On this day in 1830, a poem (later a nursery rhyme) Mary Had a Little Lamb, by Sarah Hale was published. Later in the decade Lowell Mason set the poem to a melody adding repetition in the verses.
The poem was the first thing recorded by Thomas Edison on his newly invented phonograph in 1878 and is often said to be the first words ever recorded in sound history. Unfortunately this historic recording could not be permanently preserved but Edison repeated his words later, now available to hear on Youtube (or use imbedded link below).
For that reason, if for no other, the poem is likely to be heard for millennia to come. (The actual story of the first recording is a little different, but I’ll leave that for another post.)
Sarah Hale’s parents believed in equal education for both sexes, and Sarah became a school teacher, influential editor and writer of many novels and poems. Her many works includes the anonymous book The Genius of Oblivion and Other Original Poems (1823) and, a few years later, the novel Northwood: A Tale of New England (1827), in which she took an anti-slavery stance.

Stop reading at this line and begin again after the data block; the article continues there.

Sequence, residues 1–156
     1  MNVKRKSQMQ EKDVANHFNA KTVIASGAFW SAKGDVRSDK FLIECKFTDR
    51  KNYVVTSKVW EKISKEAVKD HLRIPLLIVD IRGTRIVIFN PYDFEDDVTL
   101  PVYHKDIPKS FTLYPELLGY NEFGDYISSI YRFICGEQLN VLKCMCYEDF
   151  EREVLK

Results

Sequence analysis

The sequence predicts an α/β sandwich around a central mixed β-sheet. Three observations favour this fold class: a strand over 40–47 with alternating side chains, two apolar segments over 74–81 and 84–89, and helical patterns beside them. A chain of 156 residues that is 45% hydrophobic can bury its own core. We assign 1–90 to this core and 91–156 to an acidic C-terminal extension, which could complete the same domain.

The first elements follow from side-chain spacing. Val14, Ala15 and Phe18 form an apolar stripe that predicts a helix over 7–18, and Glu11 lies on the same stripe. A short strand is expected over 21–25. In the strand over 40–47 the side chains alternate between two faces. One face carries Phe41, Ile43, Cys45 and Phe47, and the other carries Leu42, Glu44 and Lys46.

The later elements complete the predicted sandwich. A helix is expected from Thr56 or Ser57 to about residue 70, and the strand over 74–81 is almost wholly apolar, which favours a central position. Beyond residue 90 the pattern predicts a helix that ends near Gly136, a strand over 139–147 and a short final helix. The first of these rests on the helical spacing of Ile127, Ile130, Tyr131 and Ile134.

Nor need we power or splendor, wide hall or lordly dome; the good, the true, the tender- these form the wealth of home.
She was a staunch supporter of education for girls and women, and pushed for female entrance into professions such as teaching and eventually medicine. Hale did not support women’s suffrage.
There is small danger of being starved in our land of plenty; but the danger of being stuffed is imminent.
Finally, Hale has also been called by some the Mother of Thanksgiving as she strongly advocated the day be recognised as a national holiday; having previously been celebrated only in New England.
BELOW: Thomas A. Edison – A repeat of the first recording Edison ever made (1878). Sarah Hale’s poem, Mary Had a Little Lamb
BELOW: Oldest known recorded human voice, April 9th, 1860. In 2008, this short clip of a person singing the French folk song Au Clair de la Lune, was played for the first time in 150 years. It is now thought to be the oldest known recorded human voice, predating Thomas Edison’s first phonograph recording. (Phonautograph Etching.)
I always knew that tune as ‘Merrily We Roll Along’.
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Ah, that’s interesting. (I have to admit I had to Google Merrily We Roll Along.) You can’t beat a catchy tune. 🙂
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